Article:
being a real or actual thing; solid; substantial:[often: before a noun]concrete proof.
relating to or concerned with real instances rather than abstractions; specific:[often: before a noun]some concrete proposals.
referring to a real thing, as opposed to an abstract quality: The words "cat,'' "water,'' and "teacher'' refer to concrete things, whereas the words "truth,'' "excellence,'' and "adulthood'' refer to abstract things.
Building made of concrete:[often: before a noun]concrete blocks.
con•crete(kon′krēt, kong′-, kon krēt′, kong- for 1–10, 11, 14, 15; kon krēt′, kong- for 12, 13),USA pronunciationadj., n., v.,-cret•ed, -cret•ing. adj.
constituting an actual thing or instance; real:a concrete proof of his sincerity.
pertaining to or concerned with realities or actual instances rather than abstractions; particular (opposed to general):concrete ideas.
representing or applied to an actual substance or thing, as opposed to an abstract quality:The words "cat,'' "water,'' and "teacher'' are concrete, whereas the words "truth,'' "excellence,'' and "adulthood'' are abstract.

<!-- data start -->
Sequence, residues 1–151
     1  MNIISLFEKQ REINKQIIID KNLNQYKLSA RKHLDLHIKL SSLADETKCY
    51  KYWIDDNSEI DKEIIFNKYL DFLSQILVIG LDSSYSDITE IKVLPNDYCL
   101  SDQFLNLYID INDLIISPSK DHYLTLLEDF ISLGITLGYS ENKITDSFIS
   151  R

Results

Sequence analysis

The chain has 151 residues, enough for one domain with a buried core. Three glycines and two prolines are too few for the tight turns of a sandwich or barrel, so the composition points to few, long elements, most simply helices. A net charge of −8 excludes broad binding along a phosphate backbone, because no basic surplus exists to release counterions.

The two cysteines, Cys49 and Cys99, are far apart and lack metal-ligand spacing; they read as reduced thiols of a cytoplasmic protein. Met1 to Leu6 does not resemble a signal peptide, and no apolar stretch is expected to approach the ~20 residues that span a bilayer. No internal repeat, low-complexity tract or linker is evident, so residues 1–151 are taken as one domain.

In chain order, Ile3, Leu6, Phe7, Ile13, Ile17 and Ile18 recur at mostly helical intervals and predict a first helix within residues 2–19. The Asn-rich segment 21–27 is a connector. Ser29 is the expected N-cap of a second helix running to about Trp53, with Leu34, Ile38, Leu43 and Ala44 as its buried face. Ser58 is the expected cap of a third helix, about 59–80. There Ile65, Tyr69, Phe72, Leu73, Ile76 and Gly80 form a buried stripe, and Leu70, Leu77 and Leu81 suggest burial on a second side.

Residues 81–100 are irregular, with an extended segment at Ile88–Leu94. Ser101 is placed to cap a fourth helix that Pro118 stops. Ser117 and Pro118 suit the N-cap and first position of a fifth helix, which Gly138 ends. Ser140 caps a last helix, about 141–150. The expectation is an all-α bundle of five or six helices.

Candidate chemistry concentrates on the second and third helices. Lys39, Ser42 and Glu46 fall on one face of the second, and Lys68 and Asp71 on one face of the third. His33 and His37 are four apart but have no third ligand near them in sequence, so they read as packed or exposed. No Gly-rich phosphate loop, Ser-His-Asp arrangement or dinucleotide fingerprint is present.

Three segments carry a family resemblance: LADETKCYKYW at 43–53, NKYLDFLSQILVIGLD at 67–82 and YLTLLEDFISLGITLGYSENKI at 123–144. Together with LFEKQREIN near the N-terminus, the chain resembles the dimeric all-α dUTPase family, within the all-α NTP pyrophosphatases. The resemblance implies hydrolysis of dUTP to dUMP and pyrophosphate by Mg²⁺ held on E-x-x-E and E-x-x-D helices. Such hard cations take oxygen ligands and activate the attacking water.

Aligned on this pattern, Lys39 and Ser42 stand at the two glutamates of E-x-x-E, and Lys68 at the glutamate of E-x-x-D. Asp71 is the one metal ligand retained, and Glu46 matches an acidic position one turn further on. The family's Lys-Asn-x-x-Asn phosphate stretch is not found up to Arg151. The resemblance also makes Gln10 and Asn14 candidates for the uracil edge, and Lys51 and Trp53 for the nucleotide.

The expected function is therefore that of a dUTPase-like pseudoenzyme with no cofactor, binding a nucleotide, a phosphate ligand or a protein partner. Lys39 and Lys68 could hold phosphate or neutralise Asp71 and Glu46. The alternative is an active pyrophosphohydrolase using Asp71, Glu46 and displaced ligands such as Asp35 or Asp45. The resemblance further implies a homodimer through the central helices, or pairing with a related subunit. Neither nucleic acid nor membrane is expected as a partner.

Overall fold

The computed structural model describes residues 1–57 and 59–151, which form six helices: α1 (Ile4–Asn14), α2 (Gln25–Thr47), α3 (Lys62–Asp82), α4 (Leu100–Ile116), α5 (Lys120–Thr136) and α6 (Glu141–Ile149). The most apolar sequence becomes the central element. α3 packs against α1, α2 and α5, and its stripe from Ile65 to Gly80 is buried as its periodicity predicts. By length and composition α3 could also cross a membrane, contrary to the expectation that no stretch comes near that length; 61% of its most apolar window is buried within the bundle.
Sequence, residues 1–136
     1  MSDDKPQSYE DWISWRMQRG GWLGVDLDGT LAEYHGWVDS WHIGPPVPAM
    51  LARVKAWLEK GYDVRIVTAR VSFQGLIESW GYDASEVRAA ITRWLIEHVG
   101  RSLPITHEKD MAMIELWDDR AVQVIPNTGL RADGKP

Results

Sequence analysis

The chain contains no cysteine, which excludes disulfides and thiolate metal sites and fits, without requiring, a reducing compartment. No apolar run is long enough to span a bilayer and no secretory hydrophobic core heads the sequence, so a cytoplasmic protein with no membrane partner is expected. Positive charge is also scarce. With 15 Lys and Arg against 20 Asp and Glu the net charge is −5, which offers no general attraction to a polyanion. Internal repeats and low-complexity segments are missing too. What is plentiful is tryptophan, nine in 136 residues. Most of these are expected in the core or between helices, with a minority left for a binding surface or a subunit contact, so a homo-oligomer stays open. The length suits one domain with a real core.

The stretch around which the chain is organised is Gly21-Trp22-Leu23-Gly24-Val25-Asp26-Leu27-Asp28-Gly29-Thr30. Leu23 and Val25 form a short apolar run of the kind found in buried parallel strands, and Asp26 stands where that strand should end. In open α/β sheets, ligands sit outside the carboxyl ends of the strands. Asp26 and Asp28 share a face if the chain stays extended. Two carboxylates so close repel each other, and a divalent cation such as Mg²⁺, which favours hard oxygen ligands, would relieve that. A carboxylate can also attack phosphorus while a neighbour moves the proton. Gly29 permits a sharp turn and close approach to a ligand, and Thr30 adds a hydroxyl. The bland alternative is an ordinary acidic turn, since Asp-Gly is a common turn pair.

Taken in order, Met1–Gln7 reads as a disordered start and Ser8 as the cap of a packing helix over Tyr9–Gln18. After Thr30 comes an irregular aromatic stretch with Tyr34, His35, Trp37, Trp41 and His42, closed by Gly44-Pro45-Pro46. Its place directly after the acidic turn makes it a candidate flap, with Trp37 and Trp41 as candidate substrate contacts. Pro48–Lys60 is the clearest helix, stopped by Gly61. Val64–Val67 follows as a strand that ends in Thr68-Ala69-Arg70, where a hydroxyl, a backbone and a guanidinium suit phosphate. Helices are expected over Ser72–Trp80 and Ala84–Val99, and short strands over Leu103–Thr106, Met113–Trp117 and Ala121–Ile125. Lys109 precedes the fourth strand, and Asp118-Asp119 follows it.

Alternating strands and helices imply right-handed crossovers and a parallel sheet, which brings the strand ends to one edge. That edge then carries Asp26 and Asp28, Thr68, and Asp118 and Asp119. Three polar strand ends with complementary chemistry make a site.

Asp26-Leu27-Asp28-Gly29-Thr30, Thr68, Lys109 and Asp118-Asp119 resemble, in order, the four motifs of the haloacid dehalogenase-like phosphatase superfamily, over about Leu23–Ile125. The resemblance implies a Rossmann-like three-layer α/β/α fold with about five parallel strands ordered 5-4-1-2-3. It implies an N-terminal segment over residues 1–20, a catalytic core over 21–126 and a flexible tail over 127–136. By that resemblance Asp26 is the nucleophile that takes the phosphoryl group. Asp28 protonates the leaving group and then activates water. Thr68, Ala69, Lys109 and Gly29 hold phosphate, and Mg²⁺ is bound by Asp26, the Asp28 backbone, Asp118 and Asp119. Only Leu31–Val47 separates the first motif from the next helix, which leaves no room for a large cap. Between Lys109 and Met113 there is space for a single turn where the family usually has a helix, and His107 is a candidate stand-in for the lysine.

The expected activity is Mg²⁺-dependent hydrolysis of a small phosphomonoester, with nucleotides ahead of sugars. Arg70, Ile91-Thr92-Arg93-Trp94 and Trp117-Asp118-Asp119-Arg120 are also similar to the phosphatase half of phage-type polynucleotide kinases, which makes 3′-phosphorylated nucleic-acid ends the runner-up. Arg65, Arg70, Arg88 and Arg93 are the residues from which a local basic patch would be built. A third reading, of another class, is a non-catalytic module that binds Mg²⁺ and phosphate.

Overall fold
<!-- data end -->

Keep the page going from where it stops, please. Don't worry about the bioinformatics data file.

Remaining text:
Buildingmade of concrete:a concrete pavement.
formed by coalescence of separate particles into a mass; united in a coagulated, condensed, or solid mass or state.
Buildingan artificial, stonelike material used for various structural purposes, made by mixing cement and various aggregates, as sand, pebbles, gravel, or shale, with water and allowing the mixture to harden. Cf. reinforced concrete.
Buildingany of various other artificial building or paving materials, as those containing tar.
a concrete idea or term; a word or notion having an actual or existent thing or instance as its referent.
a mass formed by coalescence or concretion of particles of matter.
Idiomsset or cast in concrete, to put (something) in final form; finalize so as to prevent change or reversal:The basic agreement sets in concrete certain policies.
to treat or lay with concrete:to concrete a sidewalk.
to form into a mass by coalescence of particles; render solid.